View adult BNF View SPC online
Formulary

Tablets scored 200mg

For Alcohol Dependence

RED Liverpool CCG, South Sefton CCG, Southport & Formby CCG - Prescribing retained by local commissioned alcohol service.

Amber Initiated Halton CCG, St Helen's CCG, Knowsley CCG

Amber Recommended Warrington CCG, Wirral CCG

RAG status to be confirmed by individual CCGs

Paediatrics: No BNFc entry – seek specialist advice

 
   
Naltrexone
View adult BNF View SPC online
Formulary

Tablets f/c scored 50mg

For Alcohol Dependence

Off-label indication

RED Liverpool CCG, South Sefton CCG, Southport & Formby CCG, Wirral CCG - Prescribing retained by local commissioned alcohol service.

Amber Initiated Halton CCG, St Helen's CCG, Knowsley CCG

Amber Recommended Warrington CCG

RAG status to be confirmed by individual CCGs

Paediatrics: No BNFc entry – seek specialist advice

 
   
Nalmefene
View adult BNF View SPC online
Formulary

Tablets f/c 18mg

For Alcohol Dependance

RED Liverpool CCG, South Sefton CCG, Southport & Formby CCG, Wirral CCG - Prescribing retained by local commissioned alcohol service.

Amber Patient Retained Knowsley CCG

Amber Initiated St Helens CCG

Amber Recommended  Halton CCG, Warrington CCG

RAG status to be confirmed by individual CCGs

No BNFc entry – seek specialist advice

 
Link  Pan Mersey APC (2019). NALMEFENE film coated tablets (Selincro®▼)
Link  NICE TA325 (2014): Nalmefene for reducing alcohol consumption in people with alcohol dependence
   
 ....
Key
note Notes
Section Title Section Title (top level)
Section Title Section Title (sub level)
First Choice Item First Choice item
Non Formulary Item Non Formulary section
Restricted Drug
Restricted Drug
Unlicensed Drug
Unlicensed
Track Changes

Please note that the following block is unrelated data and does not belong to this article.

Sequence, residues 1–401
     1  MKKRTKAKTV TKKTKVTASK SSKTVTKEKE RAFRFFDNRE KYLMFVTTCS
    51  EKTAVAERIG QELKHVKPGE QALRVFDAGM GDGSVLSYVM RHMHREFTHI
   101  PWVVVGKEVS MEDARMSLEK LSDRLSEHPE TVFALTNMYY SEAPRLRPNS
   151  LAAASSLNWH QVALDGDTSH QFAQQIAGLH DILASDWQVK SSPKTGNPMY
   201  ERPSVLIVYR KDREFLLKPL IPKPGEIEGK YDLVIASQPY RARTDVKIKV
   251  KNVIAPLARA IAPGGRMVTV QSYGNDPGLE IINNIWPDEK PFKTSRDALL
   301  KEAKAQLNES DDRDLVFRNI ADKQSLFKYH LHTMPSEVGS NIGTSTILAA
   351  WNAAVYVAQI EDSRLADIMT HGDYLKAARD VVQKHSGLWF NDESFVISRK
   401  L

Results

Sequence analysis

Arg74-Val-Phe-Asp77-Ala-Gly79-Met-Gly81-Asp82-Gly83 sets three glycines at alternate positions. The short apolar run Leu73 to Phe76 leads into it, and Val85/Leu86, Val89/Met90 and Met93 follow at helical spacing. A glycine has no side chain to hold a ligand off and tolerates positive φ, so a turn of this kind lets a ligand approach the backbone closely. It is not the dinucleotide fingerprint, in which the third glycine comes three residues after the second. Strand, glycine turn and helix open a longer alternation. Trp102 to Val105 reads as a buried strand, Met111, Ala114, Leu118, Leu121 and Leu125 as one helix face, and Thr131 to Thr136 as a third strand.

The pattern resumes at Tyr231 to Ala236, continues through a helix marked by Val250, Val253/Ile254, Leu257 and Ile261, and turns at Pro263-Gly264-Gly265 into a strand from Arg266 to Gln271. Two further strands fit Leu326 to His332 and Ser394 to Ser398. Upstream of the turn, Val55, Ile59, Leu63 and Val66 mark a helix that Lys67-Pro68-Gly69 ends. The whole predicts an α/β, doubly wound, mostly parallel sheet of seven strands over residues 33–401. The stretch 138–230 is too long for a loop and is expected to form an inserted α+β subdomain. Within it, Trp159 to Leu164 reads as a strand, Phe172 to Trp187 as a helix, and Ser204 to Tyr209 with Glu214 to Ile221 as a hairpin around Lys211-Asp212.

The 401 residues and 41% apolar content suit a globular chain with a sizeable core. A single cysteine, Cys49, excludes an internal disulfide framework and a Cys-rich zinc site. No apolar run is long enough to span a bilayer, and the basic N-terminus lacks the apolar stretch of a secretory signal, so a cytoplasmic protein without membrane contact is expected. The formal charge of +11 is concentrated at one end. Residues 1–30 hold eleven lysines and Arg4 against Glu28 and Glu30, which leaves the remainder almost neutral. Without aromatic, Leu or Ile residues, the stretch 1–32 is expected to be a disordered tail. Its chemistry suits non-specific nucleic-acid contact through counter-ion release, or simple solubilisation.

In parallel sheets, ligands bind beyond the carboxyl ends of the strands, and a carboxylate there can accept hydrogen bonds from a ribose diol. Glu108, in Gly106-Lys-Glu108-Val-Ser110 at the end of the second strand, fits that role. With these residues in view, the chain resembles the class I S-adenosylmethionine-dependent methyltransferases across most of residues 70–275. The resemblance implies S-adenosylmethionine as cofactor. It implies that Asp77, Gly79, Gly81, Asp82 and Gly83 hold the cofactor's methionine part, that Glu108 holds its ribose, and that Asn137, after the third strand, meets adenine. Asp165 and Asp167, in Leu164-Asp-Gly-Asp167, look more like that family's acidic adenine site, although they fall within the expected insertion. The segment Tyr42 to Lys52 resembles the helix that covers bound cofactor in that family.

Display tracking information
click to search medicines.org.uk
Link to adult BNF
click to search medicines.org.uk
Link to children's BNF
click to search medicines.org.uk
Link to SPCs
SMC
Scottish Medicines Consortium
Cytotoxic Drug
Cytotoxic Drug
CD
Controlled Drug
High Cost Medicine
High Cost Medicine
Cancer Drugs Fund
Cancer Drugs Fund
NHSE
NHS England
Homecare
Homecare
CCG
CCG

Traffic Light Status Information

Status Description

Green

Medicines considered suitable for non-specialist prescribing in primary or secondary care.  

Amber Recommended

Requires specialist assessment to enable patient selection.  Amber Recommended medicines must meet criteria: (1) Requires specialist assessment to enable patient selection (2) Following specialist assessment, the medicine is suitable for prescribing in Primary Care.  

Amber Initiated

Amber Initiated. Requires specialist initiation of prescribing. Prescribing to be continued by the specialist until stabilisation of the dose is achieved and the patient has been reviewed. Amber Initiated medicines must meet criteria: (1) Requires specialist assessment to enable patient selection (2) Medicine is suitable for on-going prescribing in Primary Care (3) Requires short to medium term specialist prescribing and monitoring of efficacy or toxicity until the patient’s dose and condition is stable   

Amber Retained